Generational interaction, therefore, was affected by the religious change as individuals looked back in time and examined the actions of their predecessors, but is also affected the forward gaze about future generations. The abject wretchedness of human nature in Protestant theology posed a dilemma for parents who could effectively do nothing to guarantee the salvation of their children. True Christians were not not born in blood but created by God's work, a form of horticulture as Walsham described it. Yet this despair gave way to hope for future generations, a longing for the possible notion of hereditary grace, a desire to use domestic piety to express familial blessedness, and a belief that future generations would carry on the work of reform. Walsham cited the remarkable letter of Welsh martyr John Penry written on the eve of his execution in 1593 to his four young daughters, Deliverance, Comfort, Safety, and Sure Hope, charging them to follow God's commands so that they might all meet again in Heaven.
Generational language fostered a sense of belonging by establishing the notion of a chosen generation who had suffered and charging the next generations with the continued work of reform. Generation is inextricably linked with the question of memory and how the Reformation came to be conceived of as a landmark event, a question that in the anniversary year of the Reformation of 2017 is particularly pertinent. Cultural memory was celebrated in stories and histories, prayers, Bibles, recipes, and almanacs, as well as physical objects. A Dutch delftware dish from 1692 which celebrated the marriage of an Amsterdam tailor was decorated with the well-known image of the Protestant reformers around the light of the Gospel, intertwining personal events with historical narrative.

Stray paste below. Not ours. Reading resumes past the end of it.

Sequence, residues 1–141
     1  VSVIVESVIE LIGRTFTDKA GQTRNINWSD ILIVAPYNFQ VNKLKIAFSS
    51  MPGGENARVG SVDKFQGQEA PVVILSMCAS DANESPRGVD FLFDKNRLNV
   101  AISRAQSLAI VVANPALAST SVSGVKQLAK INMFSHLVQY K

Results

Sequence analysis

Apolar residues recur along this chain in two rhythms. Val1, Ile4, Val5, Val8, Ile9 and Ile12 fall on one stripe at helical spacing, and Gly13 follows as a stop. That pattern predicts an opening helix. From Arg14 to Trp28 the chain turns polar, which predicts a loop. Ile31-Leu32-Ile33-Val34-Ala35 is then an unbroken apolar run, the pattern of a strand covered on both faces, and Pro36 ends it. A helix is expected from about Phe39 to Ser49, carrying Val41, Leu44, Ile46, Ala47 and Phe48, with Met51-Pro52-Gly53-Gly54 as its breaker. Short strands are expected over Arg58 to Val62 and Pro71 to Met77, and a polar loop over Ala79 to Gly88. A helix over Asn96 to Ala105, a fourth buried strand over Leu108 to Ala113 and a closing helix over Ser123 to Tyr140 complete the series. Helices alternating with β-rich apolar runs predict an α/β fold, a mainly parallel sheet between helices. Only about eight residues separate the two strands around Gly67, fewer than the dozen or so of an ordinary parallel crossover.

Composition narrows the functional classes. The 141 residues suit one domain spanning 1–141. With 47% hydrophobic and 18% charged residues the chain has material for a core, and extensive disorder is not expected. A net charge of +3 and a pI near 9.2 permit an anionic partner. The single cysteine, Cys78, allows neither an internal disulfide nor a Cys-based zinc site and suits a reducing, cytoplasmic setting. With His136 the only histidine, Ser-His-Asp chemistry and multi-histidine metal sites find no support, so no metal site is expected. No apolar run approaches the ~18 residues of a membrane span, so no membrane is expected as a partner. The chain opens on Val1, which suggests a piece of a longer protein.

Finally, Walsham explored how this generational aspect of early modern religion and culture has fundamentally influenced the way the Reformation has been remembered. Libraries, family archives, and official archives have shaped our view of the medieval and reformation past through they way organised recollections and understandings of generational shifts. Walsham's work is provocative and exciting, and she underscores the important of age and generations to our accounts of the Reformation. She addresses the the intellectual, communal, and interpersonal understandings of memory, religious change, and historical narrattives through the analysis of generational motifs. Generation and memory is dynamic and malleable, in constant movement, but Walsham provides a model for the way in which we can understand the slippery, intangible question of memory and memory creation in a broad cultural context. We are at a time when this focus on generation, memory, and change seems particularly relevant. 2017 is not only Lutherjahr but also a year in which contemporary society perceives that it is at a moment of great change after the major political shifts of 2016. The year has been characterised by some as a year of death or disaster, by others as the year in which people stood up to the establishment. Are we witnessing the creation of a notion of the Brexit generation or a Trump generation, and how will we remember 2016 in years to come? Walsham's work provides much food for thought.